The opening chapters may have you thinking the tale is going to echo Ellis’ aforementioned darkly comical serial killer classic, however, it’s not long before you realise we’re being taken along an entirely different path.  Well, not entirely different.  Peter is one fucked up, sociopathic lunatic who’s able to put up a mask of charisma and charm.  However, where Bateman was a success, where Bateman generally had it all and took whatever he wanted, poor old Peter doesn’t boast a similar successful life.

The entire story is told from two perspectives – that of Peter and that of the supermarket checkout girl Susie.  The ‘Peter’ chapters are really where the story buzzes with an energy, an irrepressible intrigue that pulls you in seemingly effortlessly.  Shaw has managed to create this entirely believable persona in Peter.  A character who becomes real.  A character with a completely fucked up vision of the world.  And you take front seat in his head.

There are so many wonderfully inspired details in this story; intricate little details to Peter which consolidate the unique character he is.  The microwave meals.  His obsessively frugal nature.  His perception of people, of how they interact, their motivations and how he perceives how they must think.  It’s incredibly well thought through.  Unnervingly realistic.  Like you’re reading something akin to Ted Bundy’s diary.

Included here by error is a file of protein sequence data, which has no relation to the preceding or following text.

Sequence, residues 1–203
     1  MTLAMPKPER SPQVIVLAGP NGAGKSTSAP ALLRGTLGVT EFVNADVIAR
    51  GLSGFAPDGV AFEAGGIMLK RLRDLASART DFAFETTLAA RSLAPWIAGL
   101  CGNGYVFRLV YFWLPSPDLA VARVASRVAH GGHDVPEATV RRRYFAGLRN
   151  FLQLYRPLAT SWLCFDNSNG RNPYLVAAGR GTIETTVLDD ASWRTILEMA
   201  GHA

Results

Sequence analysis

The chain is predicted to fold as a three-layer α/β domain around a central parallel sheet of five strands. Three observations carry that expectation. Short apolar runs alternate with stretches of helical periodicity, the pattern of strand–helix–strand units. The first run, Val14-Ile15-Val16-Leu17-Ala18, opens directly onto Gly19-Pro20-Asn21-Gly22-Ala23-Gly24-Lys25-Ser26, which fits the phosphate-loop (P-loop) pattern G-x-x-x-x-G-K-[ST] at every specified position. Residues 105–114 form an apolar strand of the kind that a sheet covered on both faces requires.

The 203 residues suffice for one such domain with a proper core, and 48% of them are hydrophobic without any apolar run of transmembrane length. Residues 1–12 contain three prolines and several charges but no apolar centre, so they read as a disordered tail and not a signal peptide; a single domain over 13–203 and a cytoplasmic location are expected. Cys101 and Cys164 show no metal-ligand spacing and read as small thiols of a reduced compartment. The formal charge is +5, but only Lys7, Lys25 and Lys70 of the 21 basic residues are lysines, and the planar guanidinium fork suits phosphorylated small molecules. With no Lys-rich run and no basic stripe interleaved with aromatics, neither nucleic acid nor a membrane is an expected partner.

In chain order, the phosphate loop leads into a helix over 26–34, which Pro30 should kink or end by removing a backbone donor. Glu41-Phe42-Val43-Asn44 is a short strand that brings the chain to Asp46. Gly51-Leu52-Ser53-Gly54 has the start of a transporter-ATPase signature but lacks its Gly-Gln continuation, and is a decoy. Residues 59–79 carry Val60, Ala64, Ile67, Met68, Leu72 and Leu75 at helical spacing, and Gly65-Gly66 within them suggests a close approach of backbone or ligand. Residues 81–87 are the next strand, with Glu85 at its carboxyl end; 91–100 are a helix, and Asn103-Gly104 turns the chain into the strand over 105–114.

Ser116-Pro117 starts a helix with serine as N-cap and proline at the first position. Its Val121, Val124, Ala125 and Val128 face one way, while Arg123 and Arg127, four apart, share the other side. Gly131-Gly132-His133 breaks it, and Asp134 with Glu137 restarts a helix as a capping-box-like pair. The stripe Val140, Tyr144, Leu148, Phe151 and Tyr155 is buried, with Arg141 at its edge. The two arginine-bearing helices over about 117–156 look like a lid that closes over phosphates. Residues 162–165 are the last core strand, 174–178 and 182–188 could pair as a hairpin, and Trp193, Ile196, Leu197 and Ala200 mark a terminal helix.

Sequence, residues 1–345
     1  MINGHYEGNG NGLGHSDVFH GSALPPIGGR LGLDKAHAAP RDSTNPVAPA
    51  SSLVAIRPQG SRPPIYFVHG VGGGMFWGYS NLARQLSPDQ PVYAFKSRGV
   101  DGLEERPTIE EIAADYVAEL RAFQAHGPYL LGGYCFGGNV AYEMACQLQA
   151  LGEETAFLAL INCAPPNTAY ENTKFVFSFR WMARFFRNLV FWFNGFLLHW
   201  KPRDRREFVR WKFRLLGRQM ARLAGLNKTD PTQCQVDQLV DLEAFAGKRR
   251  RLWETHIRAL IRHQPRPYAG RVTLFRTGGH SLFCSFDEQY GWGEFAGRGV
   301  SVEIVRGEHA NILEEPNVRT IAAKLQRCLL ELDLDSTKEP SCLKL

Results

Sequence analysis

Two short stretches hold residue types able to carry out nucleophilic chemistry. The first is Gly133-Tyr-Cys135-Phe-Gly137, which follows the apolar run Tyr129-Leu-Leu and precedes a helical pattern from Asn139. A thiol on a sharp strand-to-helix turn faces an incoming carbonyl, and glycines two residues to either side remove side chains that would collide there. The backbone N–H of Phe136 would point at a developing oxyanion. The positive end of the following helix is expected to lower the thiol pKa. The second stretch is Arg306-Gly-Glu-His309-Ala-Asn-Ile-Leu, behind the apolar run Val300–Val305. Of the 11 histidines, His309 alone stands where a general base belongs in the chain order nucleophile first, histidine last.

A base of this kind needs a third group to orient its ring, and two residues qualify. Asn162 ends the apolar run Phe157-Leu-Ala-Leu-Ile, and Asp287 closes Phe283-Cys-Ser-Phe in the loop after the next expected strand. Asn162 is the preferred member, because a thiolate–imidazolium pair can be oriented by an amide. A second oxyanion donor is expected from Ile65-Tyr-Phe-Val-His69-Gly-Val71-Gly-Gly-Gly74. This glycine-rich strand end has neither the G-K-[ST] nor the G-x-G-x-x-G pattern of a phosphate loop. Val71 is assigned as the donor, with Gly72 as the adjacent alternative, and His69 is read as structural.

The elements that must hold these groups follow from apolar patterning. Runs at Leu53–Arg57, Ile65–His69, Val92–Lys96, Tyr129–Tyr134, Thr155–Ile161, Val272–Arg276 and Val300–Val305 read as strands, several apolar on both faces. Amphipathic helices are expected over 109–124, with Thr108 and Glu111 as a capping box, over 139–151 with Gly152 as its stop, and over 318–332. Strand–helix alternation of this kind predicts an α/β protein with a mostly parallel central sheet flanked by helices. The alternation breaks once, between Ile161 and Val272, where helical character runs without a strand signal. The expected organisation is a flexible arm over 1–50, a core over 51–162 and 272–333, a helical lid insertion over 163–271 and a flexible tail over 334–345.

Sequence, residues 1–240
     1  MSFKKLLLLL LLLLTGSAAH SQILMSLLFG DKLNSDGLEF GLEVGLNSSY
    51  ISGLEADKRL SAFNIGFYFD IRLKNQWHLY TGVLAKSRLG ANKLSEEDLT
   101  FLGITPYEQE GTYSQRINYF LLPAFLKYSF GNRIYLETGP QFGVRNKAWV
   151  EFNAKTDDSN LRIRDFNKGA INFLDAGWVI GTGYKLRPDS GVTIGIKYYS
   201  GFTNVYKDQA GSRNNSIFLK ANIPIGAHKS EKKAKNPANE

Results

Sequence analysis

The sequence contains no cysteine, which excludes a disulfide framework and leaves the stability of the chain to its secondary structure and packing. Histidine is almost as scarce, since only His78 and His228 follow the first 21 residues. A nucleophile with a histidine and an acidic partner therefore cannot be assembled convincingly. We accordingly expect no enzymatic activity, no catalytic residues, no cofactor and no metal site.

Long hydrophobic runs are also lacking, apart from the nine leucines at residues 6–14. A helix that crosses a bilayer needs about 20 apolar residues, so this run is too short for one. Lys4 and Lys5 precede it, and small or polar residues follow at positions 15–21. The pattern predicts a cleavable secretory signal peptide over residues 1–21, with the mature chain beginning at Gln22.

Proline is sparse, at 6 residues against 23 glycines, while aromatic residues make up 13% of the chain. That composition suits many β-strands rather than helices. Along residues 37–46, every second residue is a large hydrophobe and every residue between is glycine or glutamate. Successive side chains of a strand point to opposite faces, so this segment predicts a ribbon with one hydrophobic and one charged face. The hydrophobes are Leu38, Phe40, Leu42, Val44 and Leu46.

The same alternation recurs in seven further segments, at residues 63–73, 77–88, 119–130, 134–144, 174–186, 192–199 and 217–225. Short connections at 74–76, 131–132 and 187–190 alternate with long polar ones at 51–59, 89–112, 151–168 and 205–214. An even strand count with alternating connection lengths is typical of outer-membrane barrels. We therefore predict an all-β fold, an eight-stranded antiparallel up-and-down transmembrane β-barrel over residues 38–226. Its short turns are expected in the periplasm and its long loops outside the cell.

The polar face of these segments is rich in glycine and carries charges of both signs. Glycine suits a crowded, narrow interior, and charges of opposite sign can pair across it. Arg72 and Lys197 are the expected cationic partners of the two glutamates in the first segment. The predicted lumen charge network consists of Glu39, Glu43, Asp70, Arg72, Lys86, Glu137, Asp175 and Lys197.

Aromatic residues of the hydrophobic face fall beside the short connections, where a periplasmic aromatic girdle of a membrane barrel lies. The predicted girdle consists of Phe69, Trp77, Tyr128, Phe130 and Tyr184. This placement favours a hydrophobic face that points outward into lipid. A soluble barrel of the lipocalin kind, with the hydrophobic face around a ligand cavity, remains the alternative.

The ‘Susie’ chapters allow us to put our feet back onto terra firma.  It grounds us from the escalating madness and lets us see things with far more clarity.  This ‘saner’ perspective cleverly accentuates Peter’s delusions.  Establishes a carefully delivered juxtaposition to the fucked-up view of what’s developing.

This is a novel that once again shows the incredible versatility of the author.  How he can get into the head of his characters and reproduce the thought patterns in such a believable way.  At times its truly unnerving.  But there’s always an undercurrent of black comedy to it.  Quirky mannerisms and outrageous thought patterns, which you can help but chuckle at in a slightly guilty way.

I absolutely loved this instalment.  Here we see Shaw beginning to bring it all together.  It truly feels like a monster in the making.  A psychotic serial killer, who’s beginning to explore his devious pathway.  And the most disturbing part about it, is how it just feels so normal from behind Peter’s eyes.  It just comes so naturally.  Makes logical sense.

I’ll end this review with a small segment that sums the novel up so perfectly.  Possibly one of the best quotes from a serial killer novel, that for me, encapsulates the tale so perfectly:

“I’ll find someone else after a suitable grieving period.  I wonder, what is a suitable grieving period?  Couple of hours?  Longer?  Shorter?  I’ll need to Google it after I’ve cleared the mess up.”


The novel runs for a total of 132 pages.

© DLS Reviews

Other ‘Peter Chronicles’ instalments: